Some siblings fare better than others. Consider the 2010 Acura MDX and Honda Pilot, mid-size sport-utility offspring of the same corporate parent, Honda, sharing the same "light-truck" platform.

If cost were no obstacle to customer considerations, the likelihood is that the like-structured Pilot would go begging for buyers.

It's not a matter of the Pilot being a bad SUV. In fact, it's one of the best available -- blessed with Honda's usually excellent fit and finish, thoughtful interior detail, all-around safety, good road performance and longevity.

The Acura MDX has all of the same attributes. But like a favored child at a festive family dinner, it wins more smiles and gobbles up most of the available attention.

It looks better than the Pilot, at least on the inside, which, in this case, speaks to tangible reality as opposed to spiritual beauty. The MDX feels richer, more comfortable -- especially the MDX Advance/Entertainment version driven for this column. And unlike the Pilot, it does not embrace a middle-class concept of democracy.

If you want the MDX, you must accept it with all-wheel drive, which is the only way it's offered. The Honda Pilot, by comparison, gives you a choice: front-wheel-drive for those of you more in need of better fuel economy than better traction, or all-wheel drive for those of you whose psyches have been permanently damaged by the winter of 2009-10.

There's something else, which seems to happen in all families, especially among sisters, in which the favored child holds sway. To wit: The favored child seems to get a tad more of everything.

The Acura MDX, for example, gets a larger engine: a 3.7-liter V-6 (300 horsepower/270 foot-pounds of torque) compared with a 3.5-liter V-6 (250 hp/253 ft-lbs of torque) for the all-wheel-drive Honda Pilot.

The Honda SUV gets a six-speed automatic transmission. The Acura model gets a six-speed transmission that can be shifted automatically or manually, plus something else.

The Acura MDX comes with what vehicle manufacturers call "descent control," which is best thought of as "driving all-wheel-drive vehicles downhill for dummies." Simply stated, descent control employs a computerized relationship between engine power, braking and acceleration to prevent a steep decline from becoming a long-term hospitalization or eternal incline. It works well on the MDX.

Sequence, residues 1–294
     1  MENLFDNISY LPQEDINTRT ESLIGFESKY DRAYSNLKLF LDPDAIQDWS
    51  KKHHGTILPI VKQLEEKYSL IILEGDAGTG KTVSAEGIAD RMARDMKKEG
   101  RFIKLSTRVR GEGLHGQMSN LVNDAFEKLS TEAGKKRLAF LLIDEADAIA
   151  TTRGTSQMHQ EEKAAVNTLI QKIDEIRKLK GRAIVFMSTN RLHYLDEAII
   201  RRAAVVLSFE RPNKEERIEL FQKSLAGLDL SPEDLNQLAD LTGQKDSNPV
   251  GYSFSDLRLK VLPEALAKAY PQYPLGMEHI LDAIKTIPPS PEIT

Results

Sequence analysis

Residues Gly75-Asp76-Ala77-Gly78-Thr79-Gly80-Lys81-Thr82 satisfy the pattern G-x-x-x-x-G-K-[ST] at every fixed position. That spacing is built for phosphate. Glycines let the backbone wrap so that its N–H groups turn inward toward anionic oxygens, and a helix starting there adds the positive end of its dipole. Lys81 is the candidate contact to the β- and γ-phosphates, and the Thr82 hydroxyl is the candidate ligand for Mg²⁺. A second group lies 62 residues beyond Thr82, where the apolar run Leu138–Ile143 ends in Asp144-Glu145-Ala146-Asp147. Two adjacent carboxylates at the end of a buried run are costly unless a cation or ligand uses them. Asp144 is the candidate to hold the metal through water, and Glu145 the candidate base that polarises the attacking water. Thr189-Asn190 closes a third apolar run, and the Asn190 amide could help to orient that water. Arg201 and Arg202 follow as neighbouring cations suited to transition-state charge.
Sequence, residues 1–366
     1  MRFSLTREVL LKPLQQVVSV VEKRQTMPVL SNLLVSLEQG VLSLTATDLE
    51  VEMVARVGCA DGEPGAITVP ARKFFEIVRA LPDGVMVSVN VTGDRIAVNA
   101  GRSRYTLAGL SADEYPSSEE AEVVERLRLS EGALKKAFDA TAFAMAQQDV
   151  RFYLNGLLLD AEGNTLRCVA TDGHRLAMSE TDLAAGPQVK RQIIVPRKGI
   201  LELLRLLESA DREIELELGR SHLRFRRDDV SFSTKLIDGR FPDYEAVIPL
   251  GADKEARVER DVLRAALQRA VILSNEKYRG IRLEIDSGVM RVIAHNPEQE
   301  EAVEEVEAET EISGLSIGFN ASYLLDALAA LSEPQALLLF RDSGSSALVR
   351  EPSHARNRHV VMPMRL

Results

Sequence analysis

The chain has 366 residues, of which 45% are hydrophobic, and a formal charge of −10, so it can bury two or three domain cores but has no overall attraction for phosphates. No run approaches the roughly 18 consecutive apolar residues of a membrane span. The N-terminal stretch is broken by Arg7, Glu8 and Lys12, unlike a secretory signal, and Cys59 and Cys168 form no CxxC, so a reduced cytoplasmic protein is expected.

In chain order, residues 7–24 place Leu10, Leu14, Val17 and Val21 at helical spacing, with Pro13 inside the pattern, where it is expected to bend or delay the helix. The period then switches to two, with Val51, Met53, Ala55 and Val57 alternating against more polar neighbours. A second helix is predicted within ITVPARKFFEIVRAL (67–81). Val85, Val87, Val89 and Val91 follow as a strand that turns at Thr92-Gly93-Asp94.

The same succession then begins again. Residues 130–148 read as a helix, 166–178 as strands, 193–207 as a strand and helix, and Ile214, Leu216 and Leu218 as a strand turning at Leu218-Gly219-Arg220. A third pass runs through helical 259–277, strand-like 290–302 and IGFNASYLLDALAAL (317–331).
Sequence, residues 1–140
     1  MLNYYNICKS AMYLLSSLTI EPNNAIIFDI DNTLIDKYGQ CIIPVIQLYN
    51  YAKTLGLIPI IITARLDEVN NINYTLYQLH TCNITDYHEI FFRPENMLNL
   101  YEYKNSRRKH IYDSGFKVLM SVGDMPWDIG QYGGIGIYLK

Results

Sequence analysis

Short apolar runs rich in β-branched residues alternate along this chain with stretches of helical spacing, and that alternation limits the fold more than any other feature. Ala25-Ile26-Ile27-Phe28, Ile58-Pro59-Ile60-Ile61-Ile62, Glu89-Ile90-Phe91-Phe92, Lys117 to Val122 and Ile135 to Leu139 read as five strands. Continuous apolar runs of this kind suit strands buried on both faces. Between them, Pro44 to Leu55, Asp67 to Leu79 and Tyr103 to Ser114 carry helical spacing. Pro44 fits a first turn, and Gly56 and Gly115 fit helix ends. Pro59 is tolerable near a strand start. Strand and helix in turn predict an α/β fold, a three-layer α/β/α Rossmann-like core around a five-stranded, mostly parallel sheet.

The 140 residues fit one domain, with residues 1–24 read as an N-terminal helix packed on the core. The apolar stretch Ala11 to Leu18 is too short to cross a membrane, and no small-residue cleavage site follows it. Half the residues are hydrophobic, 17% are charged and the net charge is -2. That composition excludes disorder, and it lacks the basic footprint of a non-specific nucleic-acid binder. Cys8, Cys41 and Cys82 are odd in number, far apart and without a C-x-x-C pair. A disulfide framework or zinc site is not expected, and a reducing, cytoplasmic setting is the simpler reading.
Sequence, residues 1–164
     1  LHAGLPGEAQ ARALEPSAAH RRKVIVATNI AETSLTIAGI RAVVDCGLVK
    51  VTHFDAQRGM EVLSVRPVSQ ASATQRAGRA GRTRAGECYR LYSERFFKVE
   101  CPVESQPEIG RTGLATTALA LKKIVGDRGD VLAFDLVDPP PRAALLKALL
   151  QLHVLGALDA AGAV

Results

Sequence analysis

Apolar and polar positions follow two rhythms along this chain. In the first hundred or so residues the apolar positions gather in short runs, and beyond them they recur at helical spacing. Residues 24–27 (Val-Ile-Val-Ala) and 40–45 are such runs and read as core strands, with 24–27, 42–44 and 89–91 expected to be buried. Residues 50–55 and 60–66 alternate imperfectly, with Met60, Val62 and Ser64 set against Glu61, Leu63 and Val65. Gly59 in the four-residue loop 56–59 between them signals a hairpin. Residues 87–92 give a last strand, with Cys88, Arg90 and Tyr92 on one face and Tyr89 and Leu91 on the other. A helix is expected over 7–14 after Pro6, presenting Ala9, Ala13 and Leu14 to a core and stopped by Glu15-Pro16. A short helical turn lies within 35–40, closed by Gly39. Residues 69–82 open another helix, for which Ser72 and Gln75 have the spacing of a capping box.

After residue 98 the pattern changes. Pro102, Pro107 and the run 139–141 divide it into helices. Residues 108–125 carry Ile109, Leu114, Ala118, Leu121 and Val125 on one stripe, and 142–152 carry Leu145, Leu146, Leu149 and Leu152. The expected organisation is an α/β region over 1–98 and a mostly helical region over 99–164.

In terms off measurements, the MDX is a wee bit longer (191.6 inches vs. 190.9) and shorter (68.2 inches vs. 72.7) than the Pilot. But their widths are exactly the same at 78.5 inches.

The slight differences in measurements give the Acura MDX a longer, sleeker look. But both have somewhat unfortunate faces: a bulldog visage for the Pilot and a Darth Vader-like, mean-girl physiognomy for the MDX.

I would like to tell you that there is a marked difference in handling and acceleration between the all-wheel-drive MDX and the Pilot. But there isn't. You can go to jail, the hospital or to the graveyard in either one if you exceed posted speed limits or try to defy the laws of physics on an icy road.

But, all said, I'd much prefer to go in the MDX. It's just plain nicer than its sister, Pilot. It has more toys -- for example, a blind-side warning system to alert you to traffic approaching left or right on the vehicle's blind sides. Images on the dashboard-mounted screen and the ceiling-mounted rear entertainment screen are clearer, sharper. The premium sound system sounds more, hmm, premium.

-- Clarification: I inadvertently dropped the mileage numbers from last week's joint review of the Cadillac SRX crossover and the Cadillac CTS Sport Wagon. Combined city/highway mileage for the SRX was 21 mpg. It was nearly 23 mpg for the CTS Sport Wagon.

Brown is a special correspondent.